Al Aire, an installation by Spanish architects, selgascano who filled a gallery in Venice with cutting edge agricultural technology. The architects demonstrate how quickly agriculture is evolving and how humans will soon be able to cultivate plant life with little or no access to the earth.
The plants are fed hydroponically which cuts down on the amount of soil needed. A system called pored delivers water and nutrients through fabric tubes full of tiny holes meaning water is distributed evenly through the planters.
Former students at the Royal College of Art and Imperial College London, Roshan Sirohia, Jason Cheah, Sebastian Wolzak and Idrees Rasouli designed SeaLeaf, a hydroponic unit that can grow vegetables whilst floating like a buoy. The team has demonstrated that it can grow at least 7 or 8 yields of bok choy a year while conventional farming only produces 2 or 3. Because so many of today’s mega cities now sit on coastlines the team envisions a network of climate resilient SeaLeaf farms that can feed millions of people.
Aprilli Design Studio’s Urban SkyFarm is a futuristic looking structure that works like a machine. It helps improve environmental quality by filtering water and air, providing edible greens and producing renewable energy.
It is a vertical solution that utilises hydroponics instead of soil based systems. By using the hydroponics the SkyFarm can provide hundreds of lightweight farming decks which can be conditioned with supplementary lighting, heating and moisturising.
One of the first projects it’s developed is a high tech hydroponics system that produces a huge amount of crisp, clean lettuce. The clean room farm Toshiba has set up includes lighting, water disinfection and power generation. The whole process is controlled by tablets given to Toshiba employees. According to Toshiba, the driving force to drive this system is to expand its healthcare business. The system doesn’t require pesticides, never has to deal with bugs and will never produce a lower than satisfactory yield.
The Vertical Harvest farm is designed by E/Ye Design and utilises a 30 by 150 foot plot of unused land in Wyoming. Through an efficient building design and the use of hydroponic farming techniques the farm will be able to produce over 37,000 pounds of greens, 4,400 pounds of herbs and 44,000 pounds of tomatoes. Using 90 percent less water than conventional farming and absolutely no pesticides, the three story vertical harvest greenhouse will enable the cold, land locked city to provide locally grown produce for its residences all year round.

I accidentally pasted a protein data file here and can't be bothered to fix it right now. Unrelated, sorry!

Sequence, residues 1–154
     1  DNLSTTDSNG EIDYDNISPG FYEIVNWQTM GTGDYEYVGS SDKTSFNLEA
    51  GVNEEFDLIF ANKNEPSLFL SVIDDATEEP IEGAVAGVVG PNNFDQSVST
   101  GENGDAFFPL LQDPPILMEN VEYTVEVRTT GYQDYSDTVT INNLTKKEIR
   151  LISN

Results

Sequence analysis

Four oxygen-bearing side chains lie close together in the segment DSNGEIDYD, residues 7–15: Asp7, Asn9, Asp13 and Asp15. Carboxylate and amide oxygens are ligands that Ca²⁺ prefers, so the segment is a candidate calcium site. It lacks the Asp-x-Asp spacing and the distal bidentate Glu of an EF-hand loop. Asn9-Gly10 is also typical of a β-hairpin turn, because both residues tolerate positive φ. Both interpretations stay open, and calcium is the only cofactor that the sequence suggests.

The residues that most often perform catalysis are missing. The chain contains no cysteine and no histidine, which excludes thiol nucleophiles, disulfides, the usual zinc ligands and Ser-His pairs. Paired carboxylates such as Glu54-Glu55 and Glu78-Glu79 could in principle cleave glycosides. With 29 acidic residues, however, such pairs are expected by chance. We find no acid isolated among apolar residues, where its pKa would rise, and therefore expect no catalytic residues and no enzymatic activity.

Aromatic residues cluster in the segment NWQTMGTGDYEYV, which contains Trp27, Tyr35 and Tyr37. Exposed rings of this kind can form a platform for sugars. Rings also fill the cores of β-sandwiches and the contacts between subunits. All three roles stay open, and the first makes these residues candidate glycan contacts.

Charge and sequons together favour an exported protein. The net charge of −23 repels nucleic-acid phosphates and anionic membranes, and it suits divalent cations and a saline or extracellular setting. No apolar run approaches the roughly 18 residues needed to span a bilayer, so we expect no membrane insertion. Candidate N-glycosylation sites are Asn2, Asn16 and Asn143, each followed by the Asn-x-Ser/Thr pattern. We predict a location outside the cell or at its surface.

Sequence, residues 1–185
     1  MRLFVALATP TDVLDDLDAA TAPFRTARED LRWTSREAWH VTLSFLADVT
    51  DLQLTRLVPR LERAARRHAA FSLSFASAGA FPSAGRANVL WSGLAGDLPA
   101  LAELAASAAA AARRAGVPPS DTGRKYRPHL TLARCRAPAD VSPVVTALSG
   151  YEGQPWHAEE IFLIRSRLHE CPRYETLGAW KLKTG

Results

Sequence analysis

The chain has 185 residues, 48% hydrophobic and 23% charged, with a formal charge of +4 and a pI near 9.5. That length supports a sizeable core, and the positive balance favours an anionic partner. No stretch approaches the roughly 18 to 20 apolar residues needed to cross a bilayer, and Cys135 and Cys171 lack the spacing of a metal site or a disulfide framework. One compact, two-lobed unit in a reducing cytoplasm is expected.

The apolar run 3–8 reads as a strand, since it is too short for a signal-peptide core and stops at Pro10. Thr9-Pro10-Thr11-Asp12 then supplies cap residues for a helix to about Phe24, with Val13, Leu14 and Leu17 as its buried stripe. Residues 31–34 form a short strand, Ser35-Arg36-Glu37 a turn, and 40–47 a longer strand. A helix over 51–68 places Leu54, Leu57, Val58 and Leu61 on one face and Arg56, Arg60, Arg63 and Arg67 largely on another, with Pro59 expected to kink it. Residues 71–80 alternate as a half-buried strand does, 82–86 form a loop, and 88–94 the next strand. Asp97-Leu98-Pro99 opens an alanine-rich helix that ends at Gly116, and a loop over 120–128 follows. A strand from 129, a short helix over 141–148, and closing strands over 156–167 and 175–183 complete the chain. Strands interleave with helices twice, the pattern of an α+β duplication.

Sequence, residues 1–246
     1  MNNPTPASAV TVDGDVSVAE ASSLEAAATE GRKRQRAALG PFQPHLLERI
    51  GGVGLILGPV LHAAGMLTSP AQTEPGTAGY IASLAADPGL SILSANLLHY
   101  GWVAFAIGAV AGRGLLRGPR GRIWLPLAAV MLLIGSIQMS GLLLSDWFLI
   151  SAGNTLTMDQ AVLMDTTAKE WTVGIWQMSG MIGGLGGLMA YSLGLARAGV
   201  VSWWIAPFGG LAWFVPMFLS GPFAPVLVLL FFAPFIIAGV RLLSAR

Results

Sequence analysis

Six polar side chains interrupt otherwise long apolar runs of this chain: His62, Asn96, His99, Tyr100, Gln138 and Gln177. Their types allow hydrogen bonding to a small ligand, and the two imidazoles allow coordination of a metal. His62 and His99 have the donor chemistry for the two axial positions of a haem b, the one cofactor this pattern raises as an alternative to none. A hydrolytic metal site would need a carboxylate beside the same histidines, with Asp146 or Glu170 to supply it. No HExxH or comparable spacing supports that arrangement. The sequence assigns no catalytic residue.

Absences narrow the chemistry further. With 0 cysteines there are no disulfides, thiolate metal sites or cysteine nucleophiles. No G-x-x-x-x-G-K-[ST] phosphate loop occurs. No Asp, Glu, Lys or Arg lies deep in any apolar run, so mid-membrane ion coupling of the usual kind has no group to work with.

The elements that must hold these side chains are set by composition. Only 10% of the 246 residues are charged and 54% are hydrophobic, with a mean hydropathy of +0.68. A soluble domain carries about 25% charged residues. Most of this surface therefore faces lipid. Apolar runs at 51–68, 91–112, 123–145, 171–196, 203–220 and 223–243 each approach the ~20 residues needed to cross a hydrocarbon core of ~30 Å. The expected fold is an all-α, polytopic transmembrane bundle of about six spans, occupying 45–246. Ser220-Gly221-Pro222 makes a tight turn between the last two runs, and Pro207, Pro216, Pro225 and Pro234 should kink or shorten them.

Designed by Biber Architects, the U.S pavilion will explore food production, sustainable farming methods and health and nutrition. Hydroponic methods as well as rainwater harvesting will be used to grow food on the exterior and solar panels on the roof will power the building. This is one of many structures being designed for the Milan Expo 2015 which has the theme ‘feeding the planet, energy for life’ and has opened this month until October 2015 and is expected to attract more than 20 million visitors.
This concept designed by four French architecture students won first prize at the 2013 Jacques Rougerie Foundation competition which is a global contest for ideas about space, oceans and enabling the evolution of our society. The circular ship floats on the surface, gathering icebergs in a central bay and collecting their freshwater as they melt. That water then flows up to hydroponic farming levels then later to an energy plant that provides electricity. The harvester would house a community of up to 800 people at sea enabling workers to stay with their families which in turn would boost moral and mental health.
Barcelona based studio, Forward Thinking Architecture has envisioned a way to transform the inhospitable Arabian Peninsula into a global agricultural hub. By establishing a link between the desert, renewable energy and hydroponic agriculture Oaxis is a self sufficient prototype that could tackle food shortage, reduce the need for imports and promote renewable energy. Recycled water coming from the hydroponic farm will be used for irrigation of the exterior vegetation, allowing plants to expand around the facilities. The crops of fresh fruits and vegetables would be transported via the underground conveyor belt system.
Jin Ho Kim’s aeroponic design proposes a solution for the need to maintain food production whilst devoting land for housing and other industries in the Philippines. The design would see the construction of verticals farms designed for the cultivation of rice. Using aeroponic growing technologies rice can be grown compactly with minimal water while creating jobs and supplying food. Aeroponic gardening is different to hydroponic in that it sprays water and nutrients directly onto the roots of the plants. This reduces the amount of water and energy needed and commercial farms are expected to reduce water use by 90-95%.
This project designed by Eric Vergnes envisions a biomorphic structure in New York City that will harness cutting edge technology to provide the city with its own self-sustaining food source whilst creating a social space that integrates producers with consumers. The structure will harness systems such as aeroponic watering, nutrient technology and controlling lighting and CO2 levels to meet the food demands of future populations.